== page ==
The fall in Covid deaths in England is running around three weeks ahead of modelling estimates, figures show, as experts called for lockdown to be eased more quickly.
Boris Johnson has promised that the Government will lift restrictions based on "data not dates", and figures now show that Britain's second virus wave is declining far faster than expected.
The most recent Scientific Pandemic Influenza Modelling group (SPI-M) projections were produced on Feb 10 and were pivotal in developing the Government's roadmap out of restrictions.
The midpoint projections estimated that deaths in England would not fall below 200 a day until around mid-March – but that point was reached on Feb 25.
SPI-M suggested there would be around 150 deaths a day by March 21, when the model ends. But daily deaths by date of death are around that now, although there will be a small increase because of lagged data in coming days.
Mark Woolhouse, a professor of infectious disease epidemiology at the University of Edinburgh and a member of SPI-M, said: "The data are indeed looking better than the models were predicting and – to the best of my knowledge – better than anyone was expecting.
"If the phrase 'data-driven not date-driven' has any meaning, then it must allow for the schedule for relaxing restrictions to be brought forward if the data are better than expected and not just putting the schedule back if the data are worse than expected.
"It remains the case that if we unlock too far, too quickly, we risk a resurgence. However, given the data, I'd hope that the Government is actively considering unlocking just as cautiously but appreciably less slowly.
"Lockdown continues to be just as harmful as ever, so there is a public health imperative to relax measures as soon as it is safe to do so. An over-abundance of caution is not a cost-free option."
The modelling may be running behind real-world data because it has failed to judge quite how well the vaccination programme would go.
For the purposes of the roadmap, SPI-M estimated that vaccines would reduce the risk of infection between 24 and 48 per cent after the first dose, and 30 to 60 per cent after the second dose. But real world results show vaccination is far more effective, reducing the risk by 70 per cent after one dose and 85 per cent after two doses.
Prof Sir David Spiegelhalter, of the University of Cambridge, said: "If we look at what is happening every day as we see on the [Government's coronavirus] dashboard, we can see that deaths in the over-65s – one of the vaccinated age groups – are now halving every week.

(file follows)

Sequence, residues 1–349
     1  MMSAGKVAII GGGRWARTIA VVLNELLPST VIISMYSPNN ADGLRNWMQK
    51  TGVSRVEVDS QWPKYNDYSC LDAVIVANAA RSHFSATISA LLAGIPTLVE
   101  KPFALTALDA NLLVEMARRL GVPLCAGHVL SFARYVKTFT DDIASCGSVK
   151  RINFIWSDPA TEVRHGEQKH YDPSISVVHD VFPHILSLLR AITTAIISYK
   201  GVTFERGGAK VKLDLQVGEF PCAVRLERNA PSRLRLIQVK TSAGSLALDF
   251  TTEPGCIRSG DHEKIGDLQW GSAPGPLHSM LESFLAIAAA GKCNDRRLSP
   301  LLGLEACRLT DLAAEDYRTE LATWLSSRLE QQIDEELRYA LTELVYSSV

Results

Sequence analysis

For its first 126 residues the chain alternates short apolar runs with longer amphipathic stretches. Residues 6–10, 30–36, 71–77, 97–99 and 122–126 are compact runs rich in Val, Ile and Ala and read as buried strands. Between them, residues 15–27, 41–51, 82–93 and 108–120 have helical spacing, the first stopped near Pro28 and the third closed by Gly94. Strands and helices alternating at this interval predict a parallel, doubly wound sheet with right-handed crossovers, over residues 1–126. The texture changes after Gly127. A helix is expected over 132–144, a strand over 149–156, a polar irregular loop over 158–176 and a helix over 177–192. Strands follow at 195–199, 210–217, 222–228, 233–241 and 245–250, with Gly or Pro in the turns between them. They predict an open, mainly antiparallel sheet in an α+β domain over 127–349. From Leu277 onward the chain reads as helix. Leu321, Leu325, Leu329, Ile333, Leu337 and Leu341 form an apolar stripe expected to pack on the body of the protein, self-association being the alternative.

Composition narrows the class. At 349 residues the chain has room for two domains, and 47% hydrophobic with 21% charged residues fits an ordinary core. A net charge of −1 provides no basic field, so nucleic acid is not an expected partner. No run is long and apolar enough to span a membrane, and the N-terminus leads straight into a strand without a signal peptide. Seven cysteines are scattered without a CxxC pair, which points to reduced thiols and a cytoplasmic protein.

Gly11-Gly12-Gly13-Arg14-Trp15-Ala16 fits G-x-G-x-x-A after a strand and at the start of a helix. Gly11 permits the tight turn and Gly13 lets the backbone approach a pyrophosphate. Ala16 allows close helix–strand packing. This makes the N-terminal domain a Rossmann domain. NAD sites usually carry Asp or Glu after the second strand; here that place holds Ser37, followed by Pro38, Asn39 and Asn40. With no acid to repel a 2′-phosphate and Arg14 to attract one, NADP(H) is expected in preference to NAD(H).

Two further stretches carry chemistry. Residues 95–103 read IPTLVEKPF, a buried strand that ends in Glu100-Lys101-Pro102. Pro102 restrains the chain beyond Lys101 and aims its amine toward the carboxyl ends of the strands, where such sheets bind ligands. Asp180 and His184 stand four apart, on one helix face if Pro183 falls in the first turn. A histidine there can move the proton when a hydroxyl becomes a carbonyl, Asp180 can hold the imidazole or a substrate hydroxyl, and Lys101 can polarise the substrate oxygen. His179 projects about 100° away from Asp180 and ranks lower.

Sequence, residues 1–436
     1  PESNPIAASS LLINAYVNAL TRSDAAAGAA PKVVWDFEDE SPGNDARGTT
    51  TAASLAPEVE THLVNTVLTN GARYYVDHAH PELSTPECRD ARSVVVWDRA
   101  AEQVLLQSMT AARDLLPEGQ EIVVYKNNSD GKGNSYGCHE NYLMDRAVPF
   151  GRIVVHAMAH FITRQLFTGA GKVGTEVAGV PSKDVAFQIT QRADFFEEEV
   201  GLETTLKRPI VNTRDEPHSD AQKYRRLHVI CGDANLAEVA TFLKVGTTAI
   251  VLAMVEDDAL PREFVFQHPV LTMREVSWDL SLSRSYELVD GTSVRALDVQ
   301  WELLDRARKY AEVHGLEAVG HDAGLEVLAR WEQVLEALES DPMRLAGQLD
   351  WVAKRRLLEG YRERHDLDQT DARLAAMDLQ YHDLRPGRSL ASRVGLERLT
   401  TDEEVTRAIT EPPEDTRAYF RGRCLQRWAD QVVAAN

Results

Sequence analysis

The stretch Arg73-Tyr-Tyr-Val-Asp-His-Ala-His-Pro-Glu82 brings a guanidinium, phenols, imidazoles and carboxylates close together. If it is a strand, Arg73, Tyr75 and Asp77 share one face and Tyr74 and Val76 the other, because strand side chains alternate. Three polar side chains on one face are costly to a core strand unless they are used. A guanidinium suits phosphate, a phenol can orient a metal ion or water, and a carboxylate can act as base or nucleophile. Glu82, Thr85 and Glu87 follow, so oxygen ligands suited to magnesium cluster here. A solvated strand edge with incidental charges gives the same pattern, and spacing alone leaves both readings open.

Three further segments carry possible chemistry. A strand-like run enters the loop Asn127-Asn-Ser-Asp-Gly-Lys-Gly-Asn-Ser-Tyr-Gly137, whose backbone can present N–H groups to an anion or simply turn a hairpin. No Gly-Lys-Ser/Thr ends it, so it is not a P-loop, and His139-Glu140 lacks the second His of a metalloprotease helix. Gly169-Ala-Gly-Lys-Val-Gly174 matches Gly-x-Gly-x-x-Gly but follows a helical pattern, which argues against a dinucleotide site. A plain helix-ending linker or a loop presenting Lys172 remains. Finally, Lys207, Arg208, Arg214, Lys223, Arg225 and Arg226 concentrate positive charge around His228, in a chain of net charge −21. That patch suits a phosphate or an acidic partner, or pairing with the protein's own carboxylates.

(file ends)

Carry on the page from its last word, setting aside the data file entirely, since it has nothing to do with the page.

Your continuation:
"We all sort of hoped something like this might happen – but frankly it is better than anyone expected, I think."
The numbers of new hospital admissions are also falling slightly faster than anticipated by the SPI-M model. Admissions in England fell to roughly 1,000 by Feb 21, but the midpoint on the models suggested around 1,200 cases at the same point. The seven-day rolling figure shows numbers are closer to those modelled.
One government adviser said scientists had consistently failed to update their models as new data became available throughout the pandemic.
"This has been a problem all the way through," the adviser said. "You can get so obsessed with models that, if the world doesn't fit, you have to make the world fit or ignore the world."
Prof Carl Heneghan, the director of the Centre for Evidence Based Medicine at the University of Oxford, said it was important to wait until schools go back next week to check that the numbers would continue to fall.
"We all have to hit the pause button until then," he said. "But if, after schools go back, there isn't a big uptick then we're in a very different position and can think about opening up sooner rather than later.
"It's a very positive story in terms of the rollout of the vaccine, and the situation is looking very good in the elderly. Admissions are coming down and the number of people in hospital could well be below 10,000 within the next few days."
The latest figures from the Office for National Statistics (ONS) show that 56.4 per cent of the over-80s in England now have Covid antibodies following the vaccine rollout – an increase of 37 per cent in a fortnight.
Overall, nearly one in four over-16s in England now has immunity to coronavirus – a total of 10.5 million people and an increase of 23.3 per cent in two weeks. The devolved nations are not doing quite so well, however, with just 18.5 per cent of the over-80s showing antibodies in Wales, 20.7 per cent in Scotland and 17.6 per cent in Northern Ireland.